Monday, October 1, 2018

Shrek The Musical - Free Rain

Review by John Lombard

Free Rain’s production of Shrek The Musical is a gleeful romp that will delight even the surliest ogre.

This musical brings to the stage the 2001 anti-Disney Dreamworks film, itself loosely inspired by the William Steig children’s book.

While Shrek explicitly parodies Disney films, it has never been as savage as Roald Dahl’s Revolting Rhymes, or even the anarchic Fractured Fairy Tales. While it bursts tropes like the princess in a tower and the handsome prince, it does not endorse the ogre lifestyle.

When Shrek sings “Who I’d Be”, he gives lip service to being happy with being an ogre, but then to twinkling music dreams of being a conventional heroic type, while lamenting that his ugliness excludes him from a happy ending.

Director Ylaria Rogers gives us a boisterous, high energy production. Rogers' direction has a sympathy that encourages us to fully identify with the shunned ogre Shrek and unfairly imprisoned Princess Fiona.

The leads are brilliantly cast, and sing the music with panache. Max Gamble is perfect as Shrek, a crotchety ogre with a fearsome growl and a booming singing voice. Laura Murphy is a delightfully manic Princess Fiona, while Joel Hutchings charms as faithful but eccentric guide Donkey. Martin Searles is also a delight as a fey, hysterical and vile Lord Farquaad.

Fresh and interesting choreography by Michelle Heine stretched the ensemble. Each ensemble member played multiple distinctive parts, including well-realised fairy tale characters. If there was one ensemble highlight, it was the Les Mis-style fairy tale revolution song, "Freak Flag".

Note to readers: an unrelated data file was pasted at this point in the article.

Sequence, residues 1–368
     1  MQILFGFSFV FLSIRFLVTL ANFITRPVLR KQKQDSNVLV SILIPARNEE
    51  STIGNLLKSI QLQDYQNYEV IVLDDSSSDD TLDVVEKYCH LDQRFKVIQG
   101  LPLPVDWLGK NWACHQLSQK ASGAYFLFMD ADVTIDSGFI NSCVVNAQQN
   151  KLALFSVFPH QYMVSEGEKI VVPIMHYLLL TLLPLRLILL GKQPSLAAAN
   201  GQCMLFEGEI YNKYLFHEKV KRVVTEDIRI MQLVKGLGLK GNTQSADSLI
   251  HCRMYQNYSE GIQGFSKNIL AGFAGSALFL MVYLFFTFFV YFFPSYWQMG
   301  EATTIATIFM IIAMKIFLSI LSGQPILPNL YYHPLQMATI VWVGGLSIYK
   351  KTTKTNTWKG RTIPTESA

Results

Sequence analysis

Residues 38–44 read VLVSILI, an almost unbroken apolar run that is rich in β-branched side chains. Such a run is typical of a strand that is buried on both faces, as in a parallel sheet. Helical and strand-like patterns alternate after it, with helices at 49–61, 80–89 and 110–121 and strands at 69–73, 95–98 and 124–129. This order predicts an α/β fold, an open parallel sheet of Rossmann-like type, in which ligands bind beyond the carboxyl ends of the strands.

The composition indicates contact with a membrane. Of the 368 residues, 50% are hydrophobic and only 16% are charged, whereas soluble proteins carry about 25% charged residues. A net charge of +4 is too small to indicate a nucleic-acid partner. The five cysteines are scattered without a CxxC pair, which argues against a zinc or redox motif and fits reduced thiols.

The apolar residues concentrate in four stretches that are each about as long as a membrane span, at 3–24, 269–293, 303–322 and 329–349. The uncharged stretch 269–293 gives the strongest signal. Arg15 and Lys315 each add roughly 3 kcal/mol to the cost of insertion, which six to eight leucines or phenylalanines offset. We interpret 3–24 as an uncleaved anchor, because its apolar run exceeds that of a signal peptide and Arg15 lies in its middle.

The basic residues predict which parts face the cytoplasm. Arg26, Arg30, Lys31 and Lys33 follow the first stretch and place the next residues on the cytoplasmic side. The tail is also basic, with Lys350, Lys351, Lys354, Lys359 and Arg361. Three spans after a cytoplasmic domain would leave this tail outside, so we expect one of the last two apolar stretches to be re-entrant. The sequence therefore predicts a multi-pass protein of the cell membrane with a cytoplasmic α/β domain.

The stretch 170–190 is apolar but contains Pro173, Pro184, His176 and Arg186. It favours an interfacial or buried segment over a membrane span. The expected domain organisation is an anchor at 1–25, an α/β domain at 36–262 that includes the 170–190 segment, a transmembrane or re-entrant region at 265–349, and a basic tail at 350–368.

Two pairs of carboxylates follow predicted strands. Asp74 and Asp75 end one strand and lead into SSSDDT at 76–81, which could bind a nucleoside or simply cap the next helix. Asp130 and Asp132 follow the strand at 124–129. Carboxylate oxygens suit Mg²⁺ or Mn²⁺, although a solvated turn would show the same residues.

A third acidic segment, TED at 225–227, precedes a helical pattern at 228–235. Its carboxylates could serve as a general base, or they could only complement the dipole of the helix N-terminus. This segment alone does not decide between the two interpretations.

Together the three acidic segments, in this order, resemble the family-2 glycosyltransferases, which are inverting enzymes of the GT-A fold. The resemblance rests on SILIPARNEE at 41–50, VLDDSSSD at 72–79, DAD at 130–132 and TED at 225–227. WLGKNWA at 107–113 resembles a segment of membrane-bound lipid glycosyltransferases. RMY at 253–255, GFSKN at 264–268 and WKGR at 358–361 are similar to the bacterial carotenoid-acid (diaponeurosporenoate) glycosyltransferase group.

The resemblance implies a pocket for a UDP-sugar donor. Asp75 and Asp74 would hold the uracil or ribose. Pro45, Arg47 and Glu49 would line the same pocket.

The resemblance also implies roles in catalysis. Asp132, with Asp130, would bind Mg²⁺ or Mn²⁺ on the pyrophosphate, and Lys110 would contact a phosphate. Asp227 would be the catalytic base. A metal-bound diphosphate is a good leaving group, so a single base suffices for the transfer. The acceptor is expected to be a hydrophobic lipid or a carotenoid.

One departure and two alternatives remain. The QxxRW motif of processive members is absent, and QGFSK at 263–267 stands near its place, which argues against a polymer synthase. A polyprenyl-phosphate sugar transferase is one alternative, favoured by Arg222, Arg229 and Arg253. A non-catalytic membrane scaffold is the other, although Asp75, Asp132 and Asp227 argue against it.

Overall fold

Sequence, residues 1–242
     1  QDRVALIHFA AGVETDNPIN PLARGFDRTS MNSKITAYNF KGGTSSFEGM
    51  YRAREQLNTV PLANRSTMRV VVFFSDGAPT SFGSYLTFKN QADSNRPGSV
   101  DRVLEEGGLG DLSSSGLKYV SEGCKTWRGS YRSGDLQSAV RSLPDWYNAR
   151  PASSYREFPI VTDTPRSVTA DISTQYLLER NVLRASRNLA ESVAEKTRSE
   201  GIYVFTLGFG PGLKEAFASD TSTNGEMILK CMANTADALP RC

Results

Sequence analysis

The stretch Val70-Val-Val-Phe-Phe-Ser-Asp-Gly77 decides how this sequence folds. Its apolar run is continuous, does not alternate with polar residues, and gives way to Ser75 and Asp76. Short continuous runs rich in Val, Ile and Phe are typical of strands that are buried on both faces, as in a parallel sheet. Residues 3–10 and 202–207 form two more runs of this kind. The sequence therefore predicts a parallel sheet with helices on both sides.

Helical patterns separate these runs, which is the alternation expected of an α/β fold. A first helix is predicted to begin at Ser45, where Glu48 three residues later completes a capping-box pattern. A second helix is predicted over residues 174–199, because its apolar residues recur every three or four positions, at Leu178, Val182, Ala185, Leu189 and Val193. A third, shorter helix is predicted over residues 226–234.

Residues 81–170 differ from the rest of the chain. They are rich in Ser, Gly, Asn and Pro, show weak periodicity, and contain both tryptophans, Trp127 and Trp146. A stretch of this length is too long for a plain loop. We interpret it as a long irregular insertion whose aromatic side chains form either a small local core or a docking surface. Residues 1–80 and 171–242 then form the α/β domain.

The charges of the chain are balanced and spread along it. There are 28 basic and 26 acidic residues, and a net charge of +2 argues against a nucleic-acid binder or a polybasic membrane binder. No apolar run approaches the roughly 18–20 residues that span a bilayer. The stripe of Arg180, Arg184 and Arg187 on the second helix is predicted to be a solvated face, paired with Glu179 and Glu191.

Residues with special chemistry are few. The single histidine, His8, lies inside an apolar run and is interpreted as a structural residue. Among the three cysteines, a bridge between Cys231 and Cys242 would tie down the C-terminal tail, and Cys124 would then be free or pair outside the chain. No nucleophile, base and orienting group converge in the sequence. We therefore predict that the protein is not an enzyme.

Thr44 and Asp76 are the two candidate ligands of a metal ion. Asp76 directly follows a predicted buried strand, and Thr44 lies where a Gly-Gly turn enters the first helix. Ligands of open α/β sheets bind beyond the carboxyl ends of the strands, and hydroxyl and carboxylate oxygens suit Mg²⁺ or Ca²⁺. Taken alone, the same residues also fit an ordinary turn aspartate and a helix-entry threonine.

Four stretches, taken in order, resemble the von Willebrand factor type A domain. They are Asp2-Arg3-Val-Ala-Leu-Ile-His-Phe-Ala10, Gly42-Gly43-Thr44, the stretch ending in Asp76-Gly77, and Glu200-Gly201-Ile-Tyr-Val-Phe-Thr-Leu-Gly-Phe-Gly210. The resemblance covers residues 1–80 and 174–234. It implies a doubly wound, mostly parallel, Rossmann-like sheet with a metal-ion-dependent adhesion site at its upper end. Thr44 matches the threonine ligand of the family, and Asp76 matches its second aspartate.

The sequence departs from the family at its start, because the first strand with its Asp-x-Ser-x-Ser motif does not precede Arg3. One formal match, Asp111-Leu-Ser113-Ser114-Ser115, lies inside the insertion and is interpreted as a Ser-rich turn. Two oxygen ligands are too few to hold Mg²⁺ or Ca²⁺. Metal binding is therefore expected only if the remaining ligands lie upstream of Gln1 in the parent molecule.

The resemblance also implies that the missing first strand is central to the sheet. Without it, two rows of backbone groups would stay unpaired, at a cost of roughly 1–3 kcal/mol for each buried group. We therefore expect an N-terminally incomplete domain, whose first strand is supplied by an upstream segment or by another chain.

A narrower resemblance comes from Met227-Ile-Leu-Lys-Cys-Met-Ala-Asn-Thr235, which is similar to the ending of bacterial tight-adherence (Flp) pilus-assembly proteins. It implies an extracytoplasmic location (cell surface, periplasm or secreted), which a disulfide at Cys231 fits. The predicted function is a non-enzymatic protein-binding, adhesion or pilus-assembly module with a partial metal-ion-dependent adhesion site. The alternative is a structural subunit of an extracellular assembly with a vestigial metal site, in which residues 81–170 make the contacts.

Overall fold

Appropriately, the music by Jeanine Tesori is upbeat and catchy, setting a tone of lively adventure. Fans of the movie will be glad to know that “I'm a Believer” is still there for the finale, although they may be disappointed at the absence of the iconic “All Star”.

Costumes were vivid, although the simple forest set felt hastily created, and did not have the professional polish notable in the performances and music. Also noteworthy was the massive and fearsome dragon, with Tegan Braithwaite providing the dragon's sultry voice - this diva of a dragon did not eat every passing knight, but kept some alive as back-up singers.

Shrek The Musical pretends to be streetwise, but is a softie at heart, as straightforward and sincere as any Disney movie. But the charm and humour are genuine, and entertaining performances and decent songs make Shrek The Musical perfect school holiday entertainment.